Details on the class change:World of Warcraft 5.4 patch

It's a patch!  Hide your class abilities quickly!

It’s one of the last patches of World of Warcraft’s Mists of Pandaria expansion, and that means one more set of adjustments to the game’s classes. You could, naturally, assume that all of the changes are being made because Blizzard hates your favorite class and loves your least favorite class. Or you could take a look at the most recent development post detailing why class abilities are being changed for better or worse.

While the changes for each class are different, all of the classes have had several unappealing talents improved and a few overpowered talents toned down a bit. There are also several changes based on situational power — Holy Paladins, for example, had too much mana when able to get into melee and too little mana when forced to stay at range. If you want to see how your class fared in this round of rebalancing, take a look at the full rundown before posting your rant about being horribly nerfed.

Do you want to learn more about Wow Power leveling ?

Sexism!Final Fantasy XIV: A Realm Reborn

Passive sexism is a big deal to me. If it isn’t a big one for you, it should be, because at some point high heels and metal bikinis became something passively accepted in games as a whole and that’s not all right. MMORPGs on a whole do better than single-player titles, but you still have games like TERA that stick every female character into gravity-defying heels and the legal minimum required for clothing, or Scarlet Blade and its outfits made entirely out of electrical tape and fishnet.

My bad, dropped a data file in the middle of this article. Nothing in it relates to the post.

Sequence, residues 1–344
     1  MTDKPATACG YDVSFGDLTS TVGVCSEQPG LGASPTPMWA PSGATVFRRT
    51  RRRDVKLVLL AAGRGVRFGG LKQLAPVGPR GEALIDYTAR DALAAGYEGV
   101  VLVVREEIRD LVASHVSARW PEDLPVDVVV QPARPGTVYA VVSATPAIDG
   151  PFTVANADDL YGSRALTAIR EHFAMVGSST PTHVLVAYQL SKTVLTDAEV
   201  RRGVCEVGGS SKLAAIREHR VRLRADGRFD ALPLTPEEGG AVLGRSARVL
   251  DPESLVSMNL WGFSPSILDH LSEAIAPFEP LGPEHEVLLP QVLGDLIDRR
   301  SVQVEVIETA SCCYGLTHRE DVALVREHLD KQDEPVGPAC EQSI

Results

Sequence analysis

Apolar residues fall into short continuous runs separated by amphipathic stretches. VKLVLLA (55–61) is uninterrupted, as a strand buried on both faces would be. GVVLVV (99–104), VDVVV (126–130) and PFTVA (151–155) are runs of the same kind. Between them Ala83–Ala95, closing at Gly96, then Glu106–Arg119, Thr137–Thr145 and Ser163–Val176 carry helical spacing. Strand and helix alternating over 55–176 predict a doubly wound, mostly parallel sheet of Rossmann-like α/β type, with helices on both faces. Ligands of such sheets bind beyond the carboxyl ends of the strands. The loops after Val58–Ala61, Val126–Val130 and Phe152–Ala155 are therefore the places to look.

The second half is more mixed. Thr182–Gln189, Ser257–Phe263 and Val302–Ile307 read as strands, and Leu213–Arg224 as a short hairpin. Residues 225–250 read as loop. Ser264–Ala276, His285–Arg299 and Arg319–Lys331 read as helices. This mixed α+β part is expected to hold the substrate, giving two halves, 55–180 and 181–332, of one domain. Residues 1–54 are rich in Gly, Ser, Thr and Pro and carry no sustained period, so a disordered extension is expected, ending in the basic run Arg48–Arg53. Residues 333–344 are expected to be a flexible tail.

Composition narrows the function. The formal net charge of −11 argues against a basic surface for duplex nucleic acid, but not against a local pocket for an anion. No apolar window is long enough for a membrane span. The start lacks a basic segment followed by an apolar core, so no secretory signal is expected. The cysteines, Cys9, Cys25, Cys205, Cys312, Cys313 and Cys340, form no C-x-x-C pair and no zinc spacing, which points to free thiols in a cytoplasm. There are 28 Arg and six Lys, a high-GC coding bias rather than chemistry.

Some games are better or worse about this than others. The Secret World allows you to dress up either gender to be as sexy or as casual as you like, and Guild Wars made a point of keeping skimpy armor as skimpy armor for both genders in most cases. (Although not hardly all.) But the question that’s actually relevant to this column is how Final Fantasy XI and Final Fantasy XIV stack up, and the answer is that they acquit themselves remarkably well. So much so that they’re among the most even-handed games I’ve seen, if not at the top of the list.

ffxi moglog sexism 2 epl 129 Final Fantasy XIV and sexismJudging sexism in MMOs is a tricky thing, partly because pretty much every MMO ever allows you to play as either gender without any penalties. (Disregarding momentary weirdness or accidents). So it comes down heavily on the side of incidentals and clothing. What are outfits like on both genders? What do the female models look like compared to the male models? What sort of role do female NPCs take, and how are they treated in dialogue?

Let’s start with the first point — clothing. Final Fantasy XI and Final Fantasy XIV both have some armor that’s clearly sexualized, with Harnesses in particular leaving little to the imagination. But that works both ways, looking equally skimpy on male or female characters. Heavy metal armor is pretty much equivalent for both genders, avoiding the tendency to hug a woman’s chest despite being made of metal. Far from TERA’s high-heeled plate, the armor that you wear is practical and functional.

The one weakness that FFXI had in this department was giving women trousers instead of varying degrees of hot pants. It’s nice that I don’t have a low-cut metal corset instead of heavy plate, but the effect is somewhat undercut when my plate armor has a gap to show some thigh. FFXIV does not share this problem.